created but cannot control.

Command centre officials point to the extraordinary Weng'an riots in
Guizhou a fortnight ago involving 30,000 people, and smaller incidents
in provinces such as Shaanxi. They are striving to shut down China's
nascent civil society, which brings potential flashpoints to their
attention, while they simultaneously rely on the censor-defying
"Southern" stable of newspapers and magazines to find out what is really
going on. They do not trust the information that is passed up through
the Government's backside-covering hierarchy.

Privately, some say a large group of men and women were arrested with
bombs in their backpacks in an outlying province recently, another group
was caught trying to poison the key drinking water reservoir of a
capital city, and amateurs were found with bomb-making ingredients
bought from a supermarket in Beijing. None of these events has been
publicised, they say, because China is anxious enough as it is.

And so they reassure the public with impressive anti-terrorist drills
and anti-aircraft guns strategically placed around the Olympic stadium.

The line between terrorism and political dissent is easily blurred in
China. The same security forces are working just as vigorously with just
as many resources to ensure no Falun Gong practitioner, human rights
campaigner or foreign athlete unfurls an embarrassing banner on live
national TV. On Friday a newspaper in Hong Kong reported that the
national broadcaster CCTV would delay its Olympics coverage by 10
seconds to ensure there were no surprises. If true, the 100-metre track
final may be all over before Chinese viewers can see it.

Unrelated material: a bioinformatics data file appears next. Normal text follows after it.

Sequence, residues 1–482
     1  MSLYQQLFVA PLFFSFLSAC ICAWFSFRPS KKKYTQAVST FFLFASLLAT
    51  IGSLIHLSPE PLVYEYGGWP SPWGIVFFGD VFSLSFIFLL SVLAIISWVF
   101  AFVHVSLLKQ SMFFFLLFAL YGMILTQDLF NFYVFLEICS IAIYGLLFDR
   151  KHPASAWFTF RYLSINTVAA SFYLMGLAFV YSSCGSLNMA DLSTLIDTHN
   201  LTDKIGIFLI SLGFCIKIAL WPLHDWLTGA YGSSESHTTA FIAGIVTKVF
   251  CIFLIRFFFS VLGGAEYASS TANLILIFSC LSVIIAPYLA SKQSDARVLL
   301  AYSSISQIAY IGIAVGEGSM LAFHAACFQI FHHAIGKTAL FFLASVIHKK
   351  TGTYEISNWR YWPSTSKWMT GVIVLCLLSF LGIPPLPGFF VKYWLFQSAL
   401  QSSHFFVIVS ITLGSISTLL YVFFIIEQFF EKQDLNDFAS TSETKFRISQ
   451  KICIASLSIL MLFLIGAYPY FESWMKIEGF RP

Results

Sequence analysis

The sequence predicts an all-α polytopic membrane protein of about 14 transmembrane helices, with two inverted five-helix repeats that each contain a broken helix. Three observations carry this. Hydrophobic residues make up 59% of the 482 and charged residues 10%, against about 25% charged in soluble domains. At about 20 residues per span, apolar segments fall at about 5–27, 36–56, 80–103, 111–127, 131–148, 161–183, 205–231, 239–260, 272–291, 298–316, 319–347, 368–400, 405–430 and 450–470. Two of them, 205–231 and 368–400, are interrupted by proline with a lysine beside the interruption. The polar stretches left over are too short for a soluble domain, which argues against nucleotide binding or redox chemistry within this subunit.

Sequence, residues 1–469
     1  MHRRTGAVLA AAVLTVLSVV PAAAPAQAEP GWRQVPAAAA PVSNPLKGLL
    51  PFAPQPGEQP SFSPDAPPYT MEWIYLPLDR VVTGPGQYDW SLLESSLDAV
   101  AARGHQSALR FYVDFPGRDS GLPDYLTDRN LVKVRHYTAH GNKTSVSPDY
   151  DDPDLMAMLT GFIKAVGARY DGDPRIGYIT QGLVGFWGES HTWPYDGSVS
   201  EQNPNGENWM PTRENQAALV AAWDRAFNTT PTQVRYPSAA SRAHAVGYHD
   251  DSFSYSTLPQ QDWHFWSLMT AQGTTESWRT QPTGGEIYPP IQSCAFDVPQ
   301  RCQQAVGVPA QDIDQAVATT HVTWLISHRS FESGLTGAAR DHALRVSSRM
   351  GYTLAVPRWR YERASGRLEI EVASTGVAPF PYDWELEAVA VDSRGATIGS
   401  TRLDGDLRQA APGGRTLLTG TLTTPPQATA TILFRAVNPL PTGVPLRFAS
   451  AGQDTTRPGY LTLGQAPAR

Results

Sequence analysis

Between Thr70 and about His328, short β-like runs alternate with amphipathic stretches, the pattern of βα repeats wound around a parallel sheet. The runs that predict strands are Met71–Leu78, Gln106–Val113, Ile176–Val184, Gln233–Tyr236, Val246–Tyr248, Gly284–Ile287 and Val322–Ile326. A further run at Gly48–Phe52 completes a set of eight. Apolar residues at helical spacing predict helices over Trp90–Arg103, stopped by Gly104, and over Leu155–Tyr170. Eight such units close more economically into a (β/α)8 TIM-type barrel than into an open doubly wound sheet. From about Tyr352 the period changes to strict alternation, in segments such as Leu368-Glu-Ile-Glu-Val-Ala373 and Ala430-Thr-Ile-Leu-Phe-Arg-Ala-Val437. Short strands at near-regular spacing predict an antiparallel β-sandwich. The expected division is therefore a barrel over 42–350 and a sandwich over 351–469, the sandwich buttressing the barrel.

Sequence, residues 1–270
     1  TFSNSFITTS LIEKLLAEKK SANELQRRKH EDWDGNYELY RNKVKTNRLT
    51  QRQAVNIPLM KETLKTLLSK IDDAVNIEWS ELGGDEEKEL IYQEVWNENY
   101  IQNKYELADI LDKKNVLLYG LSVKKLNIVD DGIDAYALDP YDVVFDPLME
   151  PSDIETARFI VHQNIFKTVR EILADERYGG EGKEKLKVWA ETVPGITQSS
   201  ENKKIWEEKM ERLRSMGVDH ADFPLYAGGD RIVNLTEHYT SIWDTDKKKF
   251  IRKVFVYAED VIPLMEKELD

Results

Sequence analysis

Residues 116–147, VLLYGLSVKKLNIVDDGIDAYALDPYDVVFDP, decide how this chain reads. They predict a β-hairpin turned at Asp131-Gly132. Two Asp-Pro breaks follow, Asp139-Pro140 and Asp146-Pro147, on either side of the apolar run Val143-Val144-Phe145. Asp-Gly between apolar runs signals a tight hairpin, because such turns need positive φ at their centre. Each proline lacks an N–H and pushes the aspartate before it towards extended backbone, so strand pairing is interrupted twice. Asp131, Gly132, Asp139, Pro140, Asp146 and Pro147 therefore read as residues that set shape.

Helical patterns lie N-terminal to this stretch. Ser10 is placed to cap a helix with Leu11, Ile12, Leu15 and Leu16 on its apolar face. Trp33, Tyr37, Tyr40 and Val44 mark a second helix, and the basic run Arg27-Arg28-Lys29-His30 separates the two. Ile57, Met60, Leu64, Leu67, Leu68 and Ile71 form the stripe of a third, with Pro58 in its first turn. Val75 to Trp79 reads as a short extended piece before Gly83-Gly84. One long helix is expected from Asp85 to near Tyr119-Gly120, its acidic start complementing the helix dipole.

Each day the mayor of Guangzhou visits his city's petitions office,
which for many citizens is the only forum to redress complaints. He is
there to ensure they do not take their grievances to higher authorities
and thereby add to Beijing's headaches. In any case, the national
petitions office in Beijing has shut for the northern summer.

A four-year-old foreigner was banned from holding a birthday party. Food
vendors cannot venture outside until late at night. Millions of migrant
workers have been told to return to their homes in distant provinces.
Hoteliers have been instructed to refuse beds for Chinese citizens who
are ethnically Tibetan or Uighur.

For aspiring foreign visitors, the national lock-down hits them at the
time they approach a Chinese embassy or consulate for a visa.
Businessmen who travel here every month are suddenly barred. Some
tourists who have bought Olympics tickets cannot get in. Scores of four-
and five-star hotels built to host hundreds of thousands of guests for
China's coming-out party are less than half-full and look like staying
that way.

Excluding foreigners from the Olympics is a personal innovation of the
security chief, Zhou Yongkang. Nobody beneath him, it seems, can get a
clear answer about what exactly he is trying to achieve. But the switch
has flicked to "stability", Mr Hu has turned to the hard men in his
politburo and normality can wait until some time after August 24.
CTC National Office 1425 René-Lévesque Blvd West, 3rd Floor, Montréal, Québec, Canada, H3G 1T7
T: (514) 487-0665   ctcoffice@tibet.ca
Developed by plank